Gwen Raverat, Charles Darwin’s granddaughter, would have loved the pull-on pant, or pull-on anything, growing up in the 1880s. Complaining about the amount of buttons on her childhood clothes, she later wrote: “Buttons all down the front of one’s nightgowns, buttons on the sleeves, buttons everywhere. That anonymous genius, who discovered that clothes could be slipped over one’s head, had not yet been born; nor had his twin brother, who discovered elastic.” (Actually, she is wrong, elastic was already in use, from the 1830s, although mostly only in corsets.)
Raverat wasn’t alone in her lament, a 1883 article in a publication called The Queen noted how “needlessly uncomfortable our dress is”. And five decades before this, in 1828, a tradesman wrote to a friend quite alarmed by how restrictive his daughters’ corsets were. “They are unable to stand, sit or walk. To expect one of them to stoop would be absurd. My daughter, Margaret, made the experiment the other day; her stays gave way with a tremendous explosion and down she fell upon the ground. I thought she had snapped in two.” No such dangers with the pull-on pant.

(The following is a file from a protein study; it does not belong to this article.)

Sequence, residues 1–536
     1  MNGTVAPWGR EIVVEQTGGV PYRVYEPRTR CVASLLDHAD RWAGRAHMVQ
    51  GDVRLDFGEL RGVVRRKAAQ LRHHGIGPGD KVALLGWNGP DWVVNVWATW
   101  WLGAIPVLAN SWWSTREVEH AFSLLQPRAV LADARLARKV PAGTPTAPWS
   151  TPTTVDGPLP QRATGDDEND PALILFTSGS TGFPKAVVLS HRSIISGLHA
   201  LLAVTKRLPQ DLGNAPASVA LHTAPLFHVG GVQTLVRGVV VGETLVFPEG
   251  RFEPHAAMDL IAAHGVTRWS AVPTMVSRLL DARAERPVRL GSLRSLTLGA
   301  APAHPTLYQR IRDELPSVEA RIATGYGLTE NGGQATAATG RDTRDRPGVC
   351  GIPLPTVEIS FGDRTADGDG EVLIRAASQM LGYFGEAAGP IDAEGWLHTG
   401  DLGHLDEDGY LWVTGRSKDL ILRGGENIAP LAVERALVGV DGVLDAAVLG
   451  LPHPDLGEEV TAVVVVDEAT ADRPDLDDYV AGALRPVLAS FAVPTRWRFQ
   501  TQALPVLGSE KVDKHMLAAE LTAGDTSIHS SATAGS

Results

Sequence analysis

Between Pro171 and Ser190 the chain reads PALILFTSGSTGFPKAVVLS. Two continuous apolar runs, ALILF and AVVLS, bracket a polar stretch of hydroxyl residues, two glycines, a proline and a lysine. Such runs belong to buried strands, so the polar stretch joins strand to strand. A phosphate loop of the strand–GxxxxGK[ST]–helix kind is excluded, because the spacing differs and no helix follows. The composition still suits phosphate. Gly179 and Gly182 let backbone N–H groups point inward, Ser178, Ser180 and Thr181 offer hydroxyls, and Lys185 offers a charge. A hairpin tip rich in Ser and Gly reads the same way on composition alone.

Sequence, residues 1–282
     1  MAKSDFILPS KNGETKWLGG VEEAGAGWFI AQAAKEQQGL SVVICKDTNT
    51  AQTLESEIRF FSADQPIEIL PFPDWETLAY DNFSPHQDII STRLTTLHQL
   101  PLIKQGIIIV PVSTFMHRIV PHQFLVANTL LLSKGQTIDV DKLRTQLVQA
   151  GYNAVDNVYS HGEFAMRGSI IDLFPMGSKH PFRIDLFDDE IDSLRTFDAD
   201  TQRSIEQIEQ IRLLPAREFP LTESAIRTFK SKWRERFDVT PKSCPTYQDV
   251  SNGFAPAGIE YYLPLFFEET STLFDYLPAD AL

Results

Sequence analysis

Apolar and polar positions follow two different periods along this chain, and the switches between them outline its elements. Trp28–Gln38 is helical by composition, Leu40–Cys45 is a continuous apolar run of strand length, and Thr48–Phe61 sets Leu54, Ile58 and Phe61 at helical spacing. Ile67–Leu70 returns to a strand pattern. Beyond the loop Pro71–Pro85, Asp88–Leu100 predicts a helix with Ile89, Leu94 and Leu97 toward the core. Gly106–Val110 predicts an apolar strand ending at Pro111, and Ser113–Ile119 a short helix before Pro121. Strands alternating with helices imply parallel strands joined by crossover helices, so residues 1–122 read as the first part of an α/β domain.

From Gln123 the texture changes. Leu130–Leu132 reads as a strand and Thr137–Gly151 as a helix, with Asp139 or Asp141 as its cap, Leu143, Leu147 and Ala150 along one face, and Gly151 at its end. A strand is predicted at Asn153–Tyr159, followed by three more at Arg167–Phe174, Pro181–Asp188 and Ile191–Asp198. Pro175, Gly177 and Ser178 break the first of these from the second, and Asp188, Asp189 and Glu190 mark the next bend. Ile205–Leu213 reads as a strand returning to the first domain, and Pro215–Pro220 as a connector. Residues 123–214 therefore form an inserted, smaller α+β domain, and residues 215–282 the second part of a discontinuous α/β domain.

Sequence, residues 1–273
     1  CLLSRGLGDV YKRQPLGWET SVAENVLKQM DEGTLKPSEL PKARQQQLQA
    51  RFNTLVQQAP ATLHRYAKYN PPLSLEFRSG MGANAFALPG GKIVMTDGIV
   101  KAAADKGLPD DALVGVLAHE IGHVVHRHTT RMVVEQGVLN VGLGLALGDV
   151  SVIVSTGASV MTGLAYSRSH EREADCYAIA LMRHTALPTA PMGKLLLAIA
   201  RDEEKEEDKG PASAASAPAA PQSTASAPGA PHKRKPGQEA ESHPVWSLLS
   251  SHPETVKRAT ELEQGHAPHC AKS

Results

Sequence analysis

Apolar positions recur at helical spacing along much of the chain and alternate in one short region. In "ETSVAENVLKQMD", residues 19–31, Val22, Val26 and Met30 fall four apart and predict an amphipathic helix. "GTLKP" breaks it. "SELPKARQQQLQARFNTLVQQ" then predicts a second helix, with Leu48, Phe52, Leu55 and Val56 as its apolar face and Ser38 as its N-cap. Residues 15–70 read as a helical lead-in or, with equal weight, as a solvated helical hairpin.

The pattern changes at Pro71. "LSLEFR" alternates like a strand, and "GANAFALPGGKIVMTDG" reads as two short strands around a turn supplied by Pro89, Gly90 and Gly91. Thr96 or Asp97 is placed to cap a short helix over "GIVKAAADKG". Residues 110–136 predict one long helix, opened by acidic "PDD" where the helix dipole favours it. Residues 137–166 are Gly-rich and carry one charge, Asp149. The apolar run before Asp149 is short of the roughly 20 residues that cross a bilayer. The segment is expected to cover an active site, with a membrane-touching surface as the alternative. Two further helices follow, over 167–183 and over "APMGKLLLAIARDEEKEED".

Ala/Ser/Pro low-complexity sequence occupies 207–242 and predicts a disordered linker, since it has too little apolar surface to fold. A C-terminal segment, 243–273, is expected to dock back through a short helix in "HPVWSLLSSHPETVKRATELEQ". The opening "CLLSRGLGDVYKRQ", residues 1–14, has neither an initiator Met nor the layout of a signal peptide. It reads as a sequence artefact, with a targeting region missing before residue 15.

Still, we may be slobs more overtly today but the gene has always been there. Indeed, a 1877 advert for Booth and Fox’s quilted underskirts could well have been talking about the pull-on pant, “very light, as warm as several flannels, and as soft as cushions, and for comfort and durability they cannot be equalled.” Oh yes they can.